Four more movies to add from the wild mix of GFF programme to our must see list.
“Norwegian Wood” [Anh Hung Tran, Japan, 2010]
“We have killed several interpreters” – says Vietnamese-French director about overcoming linguistic barriers when working with Japanese actors. Based on worldwide popular Haruki Murakami’s novel, “Norwegian Wood” is about student who faces death of close friend and then develops romantic relationships with two girls, one of which happens to be ex-girlfriend of the passed fellow. Whether you’re into Murakami’s stories, “The Beatles” or dreamlike Tokyo surroundings – there should be something to like about “Norwegian Wood”.
“Submarine” [Richard Ayoade, UK/USA, 2010]
If looking for something bizarre and brilliant, “Submarine” is the one to watch. Sweetly awkward 15-year-old is the centre of the comedy promising thoroughly enjoyable performances, original narrative, stylish music and maybe even laughter.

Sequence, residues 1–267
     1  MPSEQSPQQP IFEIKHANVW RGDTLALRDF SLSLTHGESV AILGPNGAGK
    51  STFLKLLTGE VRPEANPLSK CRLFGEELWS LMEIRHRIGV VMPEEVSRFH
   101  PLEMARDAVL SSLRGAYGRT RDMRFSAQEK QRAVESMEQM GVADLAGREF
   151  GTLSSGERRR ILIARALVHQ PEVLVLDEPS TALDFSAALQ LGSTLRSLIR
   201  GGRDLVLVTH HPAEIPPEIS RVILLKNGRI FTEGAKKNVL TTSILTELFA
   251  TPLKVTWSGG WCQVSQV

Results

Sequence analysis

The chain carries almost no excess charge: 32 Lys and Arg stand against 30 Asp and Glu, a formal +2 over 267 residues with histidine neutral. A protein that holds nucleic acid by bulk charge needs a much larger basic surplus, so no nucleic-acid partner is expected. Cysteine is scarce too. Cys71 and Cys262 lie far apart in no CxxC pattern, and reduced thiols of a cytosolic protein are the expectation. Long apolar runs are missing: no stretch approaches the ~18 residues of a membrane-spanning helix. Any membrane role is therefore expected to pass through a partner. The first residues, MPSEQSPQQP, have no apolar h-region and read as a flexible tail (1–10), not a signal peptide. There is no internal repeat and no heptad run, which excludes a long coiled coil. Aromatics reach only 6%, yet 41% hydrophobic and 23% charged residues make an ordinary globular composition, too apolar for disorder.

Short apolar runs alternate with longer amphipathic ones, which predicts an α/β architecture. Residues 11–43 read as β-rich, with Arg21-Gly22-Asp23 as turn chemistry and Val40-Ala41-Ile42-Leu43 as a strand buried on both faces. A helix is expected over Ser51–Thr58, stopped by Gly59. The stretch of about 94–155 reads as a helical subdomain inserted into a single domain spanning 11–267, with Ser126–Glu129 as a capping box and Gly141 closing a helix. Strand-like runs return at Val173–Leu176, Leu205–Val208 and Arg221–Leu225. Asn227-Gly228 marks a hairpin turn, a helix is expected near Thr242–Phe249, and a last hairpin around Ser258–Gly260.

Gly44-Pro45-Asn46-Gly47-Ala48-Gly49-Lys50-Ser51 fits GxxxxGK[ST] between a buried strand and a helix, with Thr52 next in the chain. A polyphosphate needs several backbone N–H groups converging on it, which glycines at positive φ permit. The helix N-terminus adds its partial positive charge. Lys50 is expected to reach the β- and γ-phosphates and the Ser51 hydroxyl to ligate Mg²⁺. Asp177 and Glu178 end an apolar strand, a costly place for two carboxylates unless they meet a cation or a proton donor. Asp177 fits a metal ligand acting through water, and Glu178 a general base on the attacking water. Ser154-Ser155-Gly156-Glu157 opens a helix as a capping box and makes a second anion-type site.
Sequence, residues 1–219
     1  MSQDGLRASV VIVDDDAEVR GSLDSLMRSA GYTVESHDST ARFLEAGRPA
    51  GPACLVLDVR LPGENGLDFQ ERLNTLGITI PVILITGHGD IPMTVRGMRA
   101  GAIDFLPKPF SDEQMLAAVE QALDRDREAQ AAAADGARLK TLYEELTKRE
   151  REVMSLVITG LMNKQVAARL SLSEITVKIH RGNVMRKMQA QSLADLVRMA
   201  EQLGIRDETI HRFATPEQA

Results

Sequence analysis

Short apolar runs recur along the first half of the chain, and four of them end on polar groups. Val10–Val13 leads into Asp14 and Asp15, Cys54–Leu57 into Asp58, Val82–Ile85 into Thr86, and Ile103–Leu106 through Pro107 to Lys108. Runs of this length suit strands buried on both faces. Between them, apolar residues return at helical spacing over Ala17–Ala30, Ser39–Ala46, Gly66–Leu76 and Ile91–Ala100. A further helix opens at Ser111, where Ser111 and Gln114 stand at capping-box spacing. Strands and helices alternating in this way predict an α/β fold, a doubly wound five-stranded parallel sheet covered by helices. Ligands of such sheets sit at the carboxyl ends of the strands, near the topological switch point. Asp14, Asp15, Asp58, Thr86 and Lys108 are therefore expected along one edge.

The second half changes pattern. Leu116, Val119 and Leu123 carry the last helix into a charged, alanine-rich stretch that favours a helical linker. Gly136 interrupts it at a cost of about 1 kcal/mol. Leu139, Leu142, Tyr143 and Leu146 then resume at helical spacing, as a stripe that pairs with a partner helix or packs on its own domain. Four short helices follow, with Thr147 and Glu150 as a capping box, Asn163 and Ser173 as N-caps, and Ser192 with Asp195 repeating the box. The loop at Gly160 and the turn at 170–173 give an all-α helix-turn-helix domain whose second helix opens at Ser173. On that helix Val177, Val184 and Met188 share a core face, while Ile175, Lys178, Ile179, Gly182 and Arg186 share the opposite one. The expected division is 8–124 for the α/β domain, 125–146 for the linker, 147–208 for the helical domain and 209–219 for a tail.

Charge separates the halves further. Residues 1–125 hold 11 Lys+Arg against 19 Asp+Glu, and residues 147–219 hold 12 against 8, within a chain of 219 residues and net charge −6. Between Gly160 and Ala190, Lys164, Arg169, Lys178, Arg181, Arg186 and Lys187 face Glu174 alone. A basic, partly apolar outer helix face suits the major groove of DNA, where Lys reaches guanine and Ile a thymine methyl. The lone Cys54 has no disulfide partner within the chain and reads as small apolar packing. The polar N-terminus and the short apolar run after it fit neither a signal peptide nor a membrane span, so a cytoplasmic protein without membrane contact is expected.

“Cell 211” [Daniel Monzon, Spain, 2009]
Action packed not an average prison movie about the guard who gets trapped in the middle of the riot with no other choice but to pretend to be one of the criminals. Tense and well crafted story can’t be ignored even by those not into violent prison dramas.
“In a Better World” [Susanne Bier, Denmark/Sweden, 2010]
Another nominee for the Best Foreign Language Film at the Oscars this year. Two families relates through friendship of boys – one suffers from bullying at the school, other struggles with recent mother’s loss. Looks like one of poignant Scandinavian dramas that doesn’t so much solve human-dilemmas as makes you wonder about them on the way home.
No doubt, there are more brilliant movies to see, and the best always gets discovered without notice, so pick yours and see you in the festival crowd.
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